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Health Chronicle
newsletter is part of HAP’s overall program to help members improve their health by ofering practical suggestions
for living with chronic conditions. To provide suggestions on improving our programs, call HAP’s Disease Management Program toll-free
(800) 288-2902.
The information in this publication does not change or replace the information in your HAP Subscriber Contract,
Group Health Insurance Policy, Riders or Handbooks and does not necessarily refect the policies or opinions of HAP, its ofcers or board
of directors. The information is for general educational purposes and is not a substitution for the advice of your doctor. You should
consult your HAP personal care physician for your health care needs. HAP does not discriminate on the basis of race, color, national
origin, age, religion, sex or mental or physical disability in its employment practices or in the provision of health care services.
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way. Make sure you understand directions
before leaving your doctor’s ofce. Don’t be
shy about asking questions if something is
unclear. You can also repeat instructions back
to your doctor to make sure you have them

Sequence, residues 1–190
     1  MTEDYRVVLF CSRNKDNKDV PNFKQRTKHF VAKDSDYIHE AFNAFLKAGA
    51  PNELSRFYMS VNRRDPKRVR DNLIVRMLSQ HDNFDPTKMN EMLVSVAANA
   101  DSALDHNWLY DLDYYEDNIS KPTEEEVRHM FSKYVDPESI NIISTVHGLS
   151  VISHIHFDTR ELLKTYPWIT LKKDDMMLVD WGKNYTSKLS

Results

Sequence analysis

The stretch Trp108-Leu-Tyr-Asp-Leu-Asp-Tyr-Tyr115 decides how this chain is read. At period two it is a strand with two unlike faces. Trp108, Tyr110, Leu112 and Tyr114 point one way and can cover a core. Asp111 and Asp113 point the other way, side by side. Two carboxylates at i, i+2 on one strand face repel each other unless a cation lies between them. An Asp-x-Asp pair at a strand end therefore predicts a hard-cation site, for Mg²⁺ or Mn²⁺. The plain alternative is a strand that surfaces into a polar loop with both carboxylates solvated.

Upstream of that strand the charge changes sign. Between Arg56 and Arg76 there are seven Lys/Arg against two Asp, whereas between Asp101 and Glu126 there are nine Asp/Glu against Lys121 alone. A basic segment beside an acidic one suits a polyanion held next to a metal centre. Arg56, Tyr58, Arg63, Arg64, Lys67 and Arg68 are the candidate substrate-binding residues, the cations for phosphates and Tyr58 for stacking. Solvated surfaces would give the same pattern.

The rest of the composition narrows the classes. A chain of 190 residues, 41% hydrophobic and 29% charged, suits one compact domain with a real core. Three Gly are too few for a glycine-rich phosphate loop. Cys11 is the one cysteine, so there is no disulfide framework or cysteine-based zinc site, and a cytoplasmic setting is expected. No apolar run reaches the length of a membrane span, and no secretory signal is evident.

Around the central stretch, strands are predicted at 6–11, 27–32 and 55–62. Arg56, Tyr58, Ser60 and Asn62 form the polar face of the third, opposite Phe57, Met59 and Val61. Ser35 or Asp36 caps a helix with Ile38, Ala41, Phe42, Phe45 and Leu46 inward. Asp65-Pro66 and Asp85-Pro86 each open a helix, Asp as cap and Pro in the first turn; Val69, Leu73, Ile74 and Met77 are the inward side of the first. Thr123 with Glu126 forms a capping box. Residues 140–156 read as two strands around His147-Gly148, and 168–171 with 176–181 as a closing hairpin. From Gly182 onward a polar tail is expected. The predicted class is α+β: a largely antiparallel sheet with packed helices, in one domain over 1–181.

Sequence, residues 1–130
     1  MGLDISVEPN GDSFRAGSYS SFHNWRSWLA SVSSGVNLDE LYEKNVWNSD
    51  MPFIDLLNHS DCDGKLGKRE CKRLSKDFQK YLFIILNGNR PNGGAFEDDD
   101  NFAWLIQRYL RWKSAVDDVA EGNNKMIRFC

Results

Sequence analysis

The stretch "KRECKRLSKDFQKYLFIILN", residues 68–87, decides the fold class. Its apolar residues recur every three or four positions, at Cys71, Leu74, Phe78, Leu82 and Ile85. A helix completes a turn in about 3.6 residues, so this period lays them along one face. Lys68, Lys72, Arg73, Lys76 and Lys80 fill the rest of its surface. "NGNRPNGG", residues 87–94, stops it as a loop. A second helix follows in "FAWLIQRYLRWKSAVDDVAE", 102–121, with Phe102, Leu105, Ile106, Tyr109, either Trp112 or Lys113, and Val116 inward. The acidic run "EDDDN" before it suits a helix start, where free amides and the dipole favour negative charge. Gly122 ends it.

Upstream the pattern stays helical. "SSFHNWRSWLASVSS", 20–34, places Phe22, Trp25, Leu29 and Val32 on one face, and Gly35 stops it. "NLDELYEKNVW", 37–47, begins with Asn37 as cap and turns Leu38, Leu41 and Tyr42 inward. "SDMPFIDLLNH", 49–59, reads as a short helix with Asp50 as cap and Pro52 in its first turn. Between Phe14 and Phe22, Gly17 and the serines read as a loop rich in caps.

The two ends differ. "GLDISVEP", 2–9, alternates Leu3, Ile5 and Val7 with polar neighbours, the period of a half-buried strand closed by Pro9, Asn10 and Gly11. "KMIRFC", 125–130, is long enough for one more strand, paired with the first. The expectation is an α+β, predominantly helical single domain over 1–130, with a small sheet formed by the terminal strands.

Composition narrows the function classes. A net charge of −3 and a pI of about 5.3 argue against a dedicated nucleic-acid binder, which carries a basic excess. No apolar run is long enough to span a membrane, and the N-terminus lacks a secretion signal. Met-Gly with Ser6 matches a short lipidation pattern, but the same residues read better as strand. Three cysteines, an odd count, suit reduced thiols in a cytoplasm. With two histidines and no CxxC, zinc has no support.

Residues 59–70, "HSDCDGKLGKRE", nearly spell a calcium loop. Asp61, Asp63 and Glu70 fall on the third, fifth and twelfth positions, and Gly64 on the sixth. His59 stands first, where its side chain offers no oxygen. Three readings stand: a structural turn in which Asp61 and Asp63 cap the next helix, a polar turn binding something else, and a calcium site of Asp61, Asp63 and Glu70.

right. If directions on the medication label
are confusing, ask your pharmacist or a
Nurse Health Coach to explain them.
Roadblock: Side Efects
How to move past it:
You may want to quit
taking a medication because you think it’s
not working or it made you feel worse. If that
happens to you, don’t quit taking your
medication until you talk with your doctor.
Explain your symptoms. Your doctor might be
able to adjust your treatment plan or suggest
a new medication that may work well
without side efects.
How can I follow my medication
instructions better?
You’re not alone if you’re struggling to
follow your medication instructions. It’s a
problem for many people – even those
without health conditions. A study from the
New England Journal of Medicine
common reasons why we have trouble. You’d
be surprised how simple some are to avoid.
Roadblock: Can’t Remember
How to move past it:
Try out diferent tools
to help you remember when to take your
medication. One high-tech option is to use
your computer to send yourself an e-mail
reminder. Or set your cell phone alarm to go
of when it’s time to take your medication.
Reminder notes also work. Post reminders in
your calendar or on the fridge or bathroom
mirror. A simple plastic pillbox, flled with
the week’s medications, can also help you
keep track of doses.
Roadblock: Confusing Directions
How to move past it:
Medication directions
are sometimes hard to understand. If you’re
confused about any instruction, you could
end up taking your medication the wrong
Ask a Nurse Health Coach
Use HAP’s home-delivery pharmacy
service to have important prescriptions
delivered to your front door by Pharmacy
Advantage. To enroll or learn more, log in
and click on the
Prescription Coverage
tab. Then select
Home-Delivery Pharmacy Service
the list on the right.